From the moment we landed in Phnom Penh to the last meal in Siem Reap, Cambodia showed us a world of opportunities and paths less travelled. The country hands you endless new smells, tastes, and sights that you turn into your own adventure - sometimes it works out for the better and sometimes it doesn't. But that's the fun of it! You really learn to be spontaneous here.
This means that Cambodia is what you make of it. From the endless tuk tuks that pester you to ride with them, to choosing what to add to your plate of food, the power is in your hands.
Tuk tuk prices can be bartered down to 2-3 USD to get you anywhere in town, but if you don't say anything, the price will be set higher. Our strategy was to figure out a fair price and say "we're going here for $2," rather than saying, "how much does it cost to get here?"
Each time you sit down for a meal, a variety of herbs and sauces are always provided at your table and you can mix and match to your tastes. By the end, you really learn to balance flavours to your liking.
In the Bayon inside of Angkor Thom, we found ourselves spending more time dodging people than taking in the sights, so when the crowd zigged we zagged and suddenly found ourselves in the middle of a perfectly serene jungle with not another soul in sight.
For a country with such incredibly heavy history, Cambodia is unbelievably optimistic. It's got some pretty great things to offer that may or may not be your cup of tea, but you'll be sure to find something that's for you.
Malis - Located in Phnom Penh with a new location in Siem Reap. Malis is delicious upscale Cambodian with unforgettable curry crab. Recommended if you want to splurge a little for an incredible meal - your splurge money won't go as far in other Southeast Asian countries as it does in Cambodia!
Bai Sach Chrouk place - Phnom Penh, at the Northwest corner of St 163 and 454, beside the Denta clinic sign. On the other end of the price spectrum, this modest local shop sells grilled fatty pork served on rice with pickled veg, sweet chili fish sauce and brothy soup. It's served by a really sweet old lady with a beautiful smile. Head here for breakfast if you're heading to S21 or the killing fields.
Muscovy Duck Soup - Siem Reap. This shop sells one thing: an incredibly deep duck hotpot that you know was made with love. In this dish, you choose your own adventure of noodles, herbs and veggies. We liked this soup so much that we begged Sela, the owner, to teach us how to cook! Read about our experience at Sela's house here.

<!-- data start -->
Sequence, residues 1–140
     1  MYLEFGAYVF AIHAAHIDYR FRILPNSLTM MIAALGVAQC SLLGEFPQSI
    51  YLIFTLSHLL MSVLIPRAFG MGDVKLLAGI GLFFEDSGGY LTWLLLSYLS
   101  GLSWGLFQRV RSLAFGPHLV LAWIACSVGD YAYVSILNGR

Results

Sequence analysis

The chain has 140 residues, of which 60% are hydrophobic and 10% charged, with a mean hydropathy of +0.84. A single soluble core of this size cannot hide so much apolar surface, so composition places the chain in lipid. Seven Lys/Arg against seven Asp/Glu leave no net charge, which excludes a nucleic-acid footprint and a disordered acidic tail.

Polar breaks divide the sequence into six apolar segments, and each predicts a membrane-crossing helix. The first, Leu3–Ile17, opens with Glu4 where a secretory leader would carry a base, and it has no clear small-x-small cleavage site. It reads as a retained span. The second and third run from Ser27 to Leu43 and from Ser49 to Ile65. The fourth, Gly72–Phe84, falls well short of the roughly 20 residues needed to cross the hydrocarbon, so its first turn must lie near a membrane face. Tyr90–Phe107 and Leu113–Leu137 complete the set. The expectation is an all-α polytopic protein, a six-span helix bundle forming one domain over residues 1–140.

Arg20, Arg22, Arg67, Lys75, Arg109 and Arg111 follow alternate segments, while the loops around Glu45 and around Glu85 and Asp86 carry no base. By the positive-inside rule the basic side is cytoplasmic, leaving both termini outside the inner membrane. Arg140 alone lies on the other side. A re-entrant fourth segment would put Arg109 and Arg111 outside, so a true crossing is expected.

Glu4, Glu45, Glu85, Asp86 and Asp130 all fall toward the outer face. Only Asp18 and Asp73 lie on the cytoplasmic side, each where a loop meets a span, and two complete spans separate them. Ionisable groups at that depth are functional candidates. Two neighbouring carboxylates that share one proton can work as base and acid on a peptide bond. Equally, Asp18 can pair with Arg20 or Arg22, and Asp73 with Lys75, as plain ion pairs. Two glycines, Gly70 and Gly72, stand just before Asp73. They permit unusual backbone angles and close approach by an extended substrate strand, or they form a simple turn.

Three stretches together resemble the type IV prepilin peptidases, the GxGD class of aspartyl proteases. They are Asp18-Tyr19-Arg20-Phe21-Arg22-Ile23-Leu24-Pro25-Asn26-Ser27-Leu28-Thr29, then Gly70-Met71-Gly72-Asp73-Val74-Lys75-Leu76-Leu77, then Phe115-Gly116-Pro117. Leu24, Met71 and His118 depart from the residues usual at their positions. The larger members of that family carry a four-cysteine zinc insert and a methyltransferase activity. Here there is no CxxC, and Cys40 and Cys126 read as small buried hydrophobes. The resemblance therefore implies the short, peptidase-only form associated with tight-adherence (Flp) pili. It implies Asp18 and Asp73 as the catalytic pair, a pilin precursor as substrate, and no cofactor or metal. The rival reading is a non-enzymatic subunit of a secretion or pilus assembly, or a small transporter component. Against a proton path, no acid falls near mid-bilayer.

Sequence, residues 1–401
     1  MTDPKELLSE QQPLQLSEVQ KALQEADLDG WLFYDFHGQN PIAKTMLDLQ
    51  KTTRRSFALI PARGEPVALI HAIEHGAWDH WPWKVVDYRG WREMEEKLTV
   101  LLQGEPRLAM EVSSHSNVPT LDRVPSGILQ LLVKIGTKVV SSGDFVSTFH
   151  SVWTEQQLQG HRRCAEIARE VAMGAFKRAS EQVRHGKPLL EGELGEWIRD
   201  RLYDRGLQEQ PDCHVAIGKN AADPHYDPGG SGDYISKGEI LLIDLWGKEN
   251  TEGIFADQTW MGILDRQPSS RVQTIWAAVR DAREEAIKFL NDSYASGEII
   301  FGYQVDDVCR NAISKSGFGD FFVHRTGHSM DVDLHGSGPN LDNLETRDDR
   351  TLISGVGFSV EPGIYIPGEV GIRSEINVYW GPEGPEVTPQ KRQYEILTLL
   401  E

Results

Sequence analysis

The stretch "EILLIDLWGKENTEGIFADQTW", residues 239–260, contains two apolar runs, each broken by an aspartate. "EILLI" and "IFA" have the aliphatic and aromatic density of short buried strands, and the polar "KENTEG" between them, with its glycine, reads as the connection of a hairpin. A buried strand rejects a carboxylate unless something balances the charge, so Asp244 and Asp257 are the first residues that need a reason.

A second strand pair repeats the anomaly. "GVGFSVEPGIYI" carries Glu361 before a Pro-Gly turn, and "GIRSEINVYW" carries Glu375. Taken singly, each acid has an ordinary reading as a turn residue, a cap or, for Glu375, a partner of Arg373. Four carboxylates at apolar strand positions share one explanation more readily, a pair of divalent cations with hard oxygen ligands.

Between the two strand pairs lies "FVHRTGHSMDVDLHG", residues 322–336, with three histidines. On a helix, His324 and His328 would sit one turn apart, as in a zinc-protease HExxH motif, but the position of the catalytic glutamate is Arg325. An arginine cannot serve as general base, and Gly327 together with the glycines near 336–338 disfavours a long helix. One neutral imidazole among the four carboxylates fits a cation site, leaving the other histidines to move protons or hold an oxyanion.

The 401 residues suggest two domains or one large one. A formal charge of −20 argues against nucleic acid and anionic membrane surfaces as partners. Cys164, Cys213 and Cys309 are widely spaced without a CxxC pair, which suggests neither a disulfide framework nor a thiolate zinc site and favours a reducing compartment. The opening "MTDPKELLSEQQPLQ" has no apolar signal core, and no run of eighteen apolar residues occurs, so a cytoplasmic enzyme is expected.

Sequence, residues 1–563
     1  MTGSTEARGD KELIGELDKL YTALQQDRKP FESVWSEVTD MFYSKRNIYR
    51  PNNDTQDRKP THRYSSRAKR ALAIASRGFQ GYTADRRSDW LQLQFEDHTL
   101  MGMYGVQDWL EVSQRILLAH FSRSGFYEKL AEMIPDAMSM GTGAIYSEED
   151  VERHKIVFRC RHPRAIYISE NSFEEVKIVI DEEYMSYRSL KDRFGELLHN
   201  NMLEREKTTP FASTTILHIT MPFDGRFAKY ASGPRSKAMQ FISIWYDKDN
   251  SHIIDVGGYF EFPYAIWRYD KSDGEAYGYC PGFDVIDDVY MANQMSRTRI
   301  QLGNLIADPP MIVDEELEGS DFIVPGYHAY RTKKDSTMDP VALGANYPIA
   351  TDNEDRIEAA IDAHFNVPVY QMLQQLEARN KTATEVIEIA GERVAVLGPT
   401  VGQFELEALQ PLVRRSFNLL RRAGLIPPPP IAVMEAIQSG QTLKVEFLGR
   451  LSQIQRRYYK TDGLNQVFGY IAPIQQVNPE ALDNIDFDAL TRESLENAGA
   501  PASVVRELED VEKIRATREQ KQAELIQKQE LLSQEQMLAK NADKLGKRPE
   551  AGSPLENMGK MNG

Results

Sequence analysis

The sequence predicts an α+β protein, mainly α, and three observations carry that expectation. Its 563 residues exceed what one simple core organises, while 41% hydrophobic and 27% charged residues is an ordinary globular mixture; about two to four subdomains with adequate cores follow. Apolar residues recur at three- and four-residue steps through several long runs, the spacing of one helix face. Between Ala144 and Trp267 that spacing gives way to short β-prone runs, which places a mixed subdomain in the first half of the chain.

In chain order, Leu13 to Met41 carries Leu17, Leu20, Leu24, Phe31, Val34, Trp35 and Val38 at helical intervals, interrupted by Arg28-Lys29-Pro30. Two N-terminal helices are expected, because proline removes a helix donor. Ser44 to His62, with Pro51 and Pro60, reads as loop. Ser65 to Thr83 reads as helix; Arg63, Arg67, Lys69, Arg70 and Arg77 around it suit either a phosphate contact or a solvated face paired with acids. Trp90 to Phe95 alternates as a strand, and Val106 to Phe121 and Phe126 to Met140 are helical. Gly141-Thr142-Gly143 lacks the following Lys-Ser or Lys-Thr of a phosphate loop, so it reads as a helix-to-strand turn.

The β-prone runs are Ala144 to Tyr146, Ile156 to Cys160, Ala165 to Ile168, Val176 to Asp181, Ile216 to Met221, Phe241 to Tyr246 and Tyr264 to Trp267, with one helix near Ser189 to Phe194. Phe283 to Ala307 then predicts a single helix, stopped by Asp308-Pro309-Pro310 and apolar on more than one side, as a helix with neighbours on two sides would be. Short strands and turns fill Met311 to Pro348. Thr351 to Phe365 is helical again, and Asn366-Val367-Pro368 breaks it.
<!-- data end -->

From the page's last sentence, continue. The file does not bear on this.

Any fruit shake from one of the Friends' restaurants (Friends, Romdeng, Marum). Located in Phnom Penh, Siem Reap, Sihanoukville and a few cities in Southeast Asia, the Friends restaurants support at-risk youth by training them in the hospitality industry. They also serve amazing shakes, perfect for a mid-afternoon cooldown! The food there is very good, but the shakes are exceptional.
Angkor Wat is a pretty magical place. If you can ditch the crowds and find a quiet space, it's easy to lose yourself in the ruins of a great civilisation. We hired a tuk tuk driver to show us around, but if you want to really get off the beaten path and have ultimate flexibility, we recommend renting a scooter or a bicycle. In our opinion, the smaller, less famous temples were the most worthwhile because we didn't have to climb over other people to get a good view.
Sela's Homestyle Food Experience - Sela's reluctant to call this a "cooking class" because the idea behind it is bigger than that. Sela wants to teach you about Cambodian culture in a laid back garden setting surrounded by his family and the fresh herbs that he grows for his restaurant. It was one of the biggest highlights of the trip for us and we highly recommend it. There's no better way to get to know Cambodian food and culture than through a day spent with Sela.
Siem Reap Food Tours - We were gifted the morning and evening tour through Siem Reap, and it's a lucky thing! Without this tour, we would never have ended up at Muscovy Duck Soup, and therefore wouldn't have the opportunity to take the class with Sela. Both the evening and morning tours were worthwhile but very different: the morning tour is more of a cultural experience in the outskirts whereas the evening tour is a restaurant and street food crawl through the city.
Battambang Bat Cave - On a friend's recommendation, we hired a tuk tuk driver named DJ while in Battambang to tour us around for an afternoon. We were pretty vague in our requests, but DJ knows what tourists are after and led us around on a really nice countryside tour. The highlight of the tour was also the most unexpected: a bat cave outside of battambang. Every night, more than two million bats flood out of these caves to go hunting for dinner. It's pretty mesmerizing to watch the never-ending stream of bats fly in unison.
Top Resources Used
These resources were the most helpful to us in putting together our map of Cambodia and deciding where to eat. If you're looking to do some extended research, check out the following sites.
Move to Cambodia - This site was created by Steven's partner Lina (Steven leads the Siem Reap Food Tours above). It has really great information on almost every city in Cambodia, though for the lowdown on Siem Reap itself you'll have to take the tour! Their city guides cover Phnom Penh, Kampot, Sihanoukville, Battambang and more, and their recommendations are well thought out.
Phnom Penh Post: Cheap Eats 2016 - The title says it all! Everything on this list can be eaten for 5 USD or less.
Lonely Planet - Classic for a reason, Lonely Planet is a reliable source of good recommendations.